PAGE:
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The Magic Cafe Forum Index » » Periods & styles of Magic » » American Civil War . . . (0 Likes) Printer Friendly Version

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Pokie-Poke
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Bensalem, PA
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Two compleatly diffrent notes
one, why age your props? unless you are a zombie, come back from the dead to do magic. Kinda like this thread.

Two, I would love some ideas on tricks with paper coins, as this would be a bit unique to the time.
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Dr_J_Ayala
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In search of Vlad Dracul and his
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Quote:
On 2011-07-07 18:08, Pokie-Poke wrote:
Two compleatly diffrent notes
one, why age your props?


First reason is to be historically accurate when performing with dedicated groups. If you are not, even in the smallest way, completely historically accurate, they will crucify you.

Second, you are trying to recreate authenticity for the presentation.

Third, it just looks cool.

Fourth, if you were to actually use coins from that far back in a modern setting, they would usually show quite a bit of age. If you are using modern reproductions as a re-enactor, depending on the dates of the reproductions and the years of re-enactment, you may need to dirty them up a little to make them look used. If that second part is confusing, take this example: A well circulated coin made in 2008 will looked used now.

I like that idea for the paper coins, and also it would be cool to find cheap re-production paper bills from the day. Some of them were tiny!
Intrepid
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Pokie, in reenacting the rule of thumb is to let your items age naturally through use and avoid making it look 150 years old. That's because in 1860 the items they used weren't 150 years old. From our perspective today, we association civil war artifacts with having deep patina and rust, but you have to put yourself in the perspective of traveling back in time to that time period. The men were routinely issues new equipment so at any given time the gear of a soldier would typically be anywhere from a week old to a year. A few weekends at a reenactments will produce the nature dings and stains of use. No need to fake anything.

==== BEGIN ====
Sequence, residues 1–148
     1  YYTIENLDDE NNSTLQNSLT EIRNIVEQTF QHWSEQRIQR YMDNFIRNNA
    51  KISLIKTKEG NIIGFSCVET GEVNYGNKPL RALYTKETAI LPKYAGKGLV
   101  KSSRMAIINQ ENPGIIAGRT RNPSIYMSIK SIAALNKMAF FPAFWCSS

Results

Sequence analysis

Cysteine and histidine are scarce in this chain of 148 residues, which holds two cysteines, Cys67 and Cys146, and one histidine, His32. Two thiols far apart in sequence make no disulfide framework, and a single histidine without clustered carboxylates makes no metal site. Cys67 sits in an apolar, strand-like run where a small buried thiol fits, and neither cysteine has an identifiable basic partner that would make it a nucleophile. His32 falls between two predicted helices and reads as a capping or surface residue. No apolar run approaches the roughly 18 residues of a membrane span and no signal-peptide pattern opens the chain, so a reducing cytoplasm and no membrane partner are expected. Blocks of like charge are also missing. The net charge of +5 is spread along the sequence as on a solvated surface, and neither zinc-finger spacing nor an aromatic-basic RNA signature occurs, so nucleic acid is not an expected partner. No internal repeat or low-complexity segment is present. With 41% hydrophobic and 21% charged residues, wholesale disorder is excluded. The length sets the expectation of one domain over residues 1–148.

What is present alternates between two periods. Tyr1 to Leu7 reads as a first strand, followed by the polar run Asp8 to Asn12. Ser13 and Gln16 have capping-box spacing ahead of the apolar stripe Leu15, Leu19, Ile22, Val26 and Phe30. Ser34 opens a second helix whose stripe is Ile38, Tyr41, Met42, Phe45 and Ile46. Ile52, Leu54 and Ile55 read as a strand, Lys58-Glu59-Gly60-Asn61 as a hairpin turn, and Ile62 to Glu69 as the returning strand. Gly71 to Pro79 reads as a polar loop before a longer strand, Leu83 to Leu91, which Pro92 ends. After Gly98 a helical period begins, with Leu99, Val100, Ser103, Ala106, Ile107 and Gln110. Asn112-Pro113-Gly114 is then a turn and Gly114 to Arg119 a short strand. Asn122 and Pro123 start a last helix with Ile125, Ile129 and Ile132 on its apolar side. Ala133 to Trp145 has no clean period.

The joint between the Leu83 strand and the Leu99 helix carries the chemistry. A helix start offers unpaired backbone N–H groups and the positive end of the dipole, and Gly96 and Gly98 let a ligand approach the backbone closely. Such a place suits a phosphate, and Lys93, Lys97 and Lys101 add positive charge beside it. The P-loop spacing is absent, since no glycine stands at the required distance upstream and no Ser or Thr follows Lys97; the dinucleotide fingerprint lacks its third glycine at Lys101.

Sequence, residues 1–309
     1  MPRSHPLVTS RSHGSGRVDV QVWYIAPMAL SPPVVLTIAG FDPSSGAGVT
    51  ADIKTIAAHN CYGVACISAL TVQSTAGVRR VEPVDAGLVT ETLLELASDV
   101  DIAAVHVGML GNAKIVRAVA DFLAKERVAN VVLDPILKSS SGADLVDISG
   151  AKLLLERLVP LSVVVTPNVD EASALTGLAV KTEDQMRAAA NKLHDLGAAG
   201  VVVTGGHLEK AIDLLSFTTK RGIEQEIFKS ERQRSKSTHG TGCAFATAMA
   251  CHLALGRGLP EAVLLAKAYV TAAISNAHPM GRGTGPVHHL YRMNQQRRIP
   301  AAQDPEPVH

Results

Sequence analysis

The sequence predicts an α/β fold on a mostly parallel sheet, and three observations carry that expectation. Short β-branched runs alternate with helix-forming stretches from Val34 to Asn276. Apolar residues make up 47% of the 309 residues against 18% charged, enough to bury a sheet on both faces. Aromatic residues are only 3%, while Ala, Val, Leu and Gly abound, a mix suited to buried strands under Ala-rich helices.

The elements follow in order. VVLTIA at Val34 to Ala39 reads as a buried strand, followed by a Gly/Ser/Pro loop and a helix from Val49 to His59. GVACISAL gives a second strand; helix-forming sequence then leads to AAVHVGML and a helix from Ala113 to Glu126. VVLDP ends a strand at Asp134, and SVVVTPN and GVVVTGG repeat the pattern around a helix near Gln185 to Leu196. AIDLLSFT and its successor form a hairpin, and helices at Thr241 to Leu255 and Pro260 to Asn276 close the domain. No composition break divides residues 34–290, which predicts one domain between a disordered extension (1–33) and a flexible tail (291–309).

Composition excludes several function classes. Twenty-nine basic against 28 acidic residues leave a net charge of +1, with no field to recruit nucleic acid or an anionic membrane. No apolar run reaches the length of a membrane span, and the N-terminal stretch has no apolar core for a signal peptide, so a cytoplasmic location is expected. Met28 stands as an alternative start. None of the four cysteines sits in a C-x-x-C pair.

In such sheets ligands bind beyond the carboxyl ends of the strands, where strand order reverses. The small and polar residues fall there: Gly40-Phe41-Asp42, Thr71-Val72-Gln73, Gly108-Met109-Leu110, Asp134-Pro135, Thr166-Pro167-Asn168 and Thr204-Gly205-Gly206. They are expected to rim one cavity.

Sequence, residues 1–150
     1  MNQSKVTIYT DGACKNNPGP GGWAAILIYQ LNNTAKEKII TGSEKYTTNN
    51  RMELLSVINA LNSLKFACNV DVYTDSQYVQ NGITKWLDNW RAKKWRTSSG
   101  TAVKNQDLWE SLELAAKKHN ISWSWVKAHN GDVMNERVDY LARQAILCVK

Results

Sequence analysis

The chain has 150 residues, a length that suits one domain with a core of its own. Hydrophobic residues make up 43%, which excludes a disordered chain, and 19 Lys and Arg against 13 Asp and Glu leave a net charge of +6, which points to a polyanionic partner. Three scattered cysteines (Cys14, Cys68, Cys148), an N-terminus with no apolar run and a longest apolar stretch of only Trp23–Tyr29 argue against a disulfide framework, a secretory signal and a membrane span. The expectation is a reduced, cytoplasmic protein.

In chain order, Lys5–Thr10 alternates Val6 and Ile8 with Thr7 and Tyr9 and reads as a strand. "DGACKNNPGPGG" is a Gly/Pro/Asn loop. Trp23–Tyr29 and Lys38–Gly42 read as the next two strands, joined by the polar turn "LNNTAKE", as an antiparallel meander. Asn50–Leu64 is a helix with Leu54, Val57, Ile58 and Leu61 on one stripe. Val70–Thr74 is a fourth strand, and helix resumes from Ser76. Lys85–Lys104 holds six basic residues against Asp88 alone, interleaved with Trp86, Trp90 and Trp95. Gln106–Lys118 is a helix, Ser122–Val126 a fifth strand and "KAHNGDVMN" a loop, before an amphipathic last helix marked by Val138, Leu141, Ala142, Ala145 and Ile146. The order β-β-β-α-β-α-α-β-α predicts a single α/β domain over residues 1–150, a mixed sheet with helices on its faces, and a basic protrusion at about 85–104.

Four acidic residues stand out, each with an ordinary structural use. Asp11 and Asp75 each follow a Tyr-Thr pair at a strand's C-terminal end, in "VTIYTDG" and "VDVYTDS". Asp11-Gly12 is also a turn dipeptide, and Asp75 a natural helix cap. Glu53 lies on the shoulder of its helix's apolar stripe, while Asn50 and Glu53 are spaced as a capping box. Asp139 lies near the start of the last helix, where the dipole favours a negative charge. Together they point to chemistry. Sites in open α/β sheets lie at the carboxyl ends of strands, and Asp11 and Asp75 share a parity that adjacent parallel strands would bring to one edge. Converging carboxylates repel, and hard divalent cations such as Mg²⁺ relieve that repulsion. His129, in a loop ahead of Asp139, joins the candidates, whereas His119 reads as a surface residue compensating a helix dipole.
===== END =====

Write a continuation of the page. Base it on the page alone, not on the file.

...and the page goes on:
Bob
Intrepid
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Quote:
On 2011-07-07 21:13, Dr_J_Ayala wrote:.

I like that idea for the paper coins, and also it would be cool to find cheap re-production paper bills from the day. Some of them were tiny!

Bob Sullivan is the go to person for all your civil war paper goods.
http://www.sullivanpress.com/
Bob
Ace of Spades
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Sullivan Press is great to work with. Go there.
Dr_J_Ayala
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Quote:
On 2011-07-07 22:40, Intrepid wrote:
Pokie, in reenacting the rule of thumb is to let your items age naturally through use and avoid making it look 150 years old. That's because in 1860 the items they used weren't 150 years old. From our perspective today, we association civil war artifacts with having deep patina and rust, but you have to put yourself in the perspective of traveling back in time to that time period. The men were routinely issues new equipment so at any given time the gear of a soldier would typically be anywhere from a week old to a year. A few weekends at a reenactments will produce the nature dings and stains of use. No need to fake anything.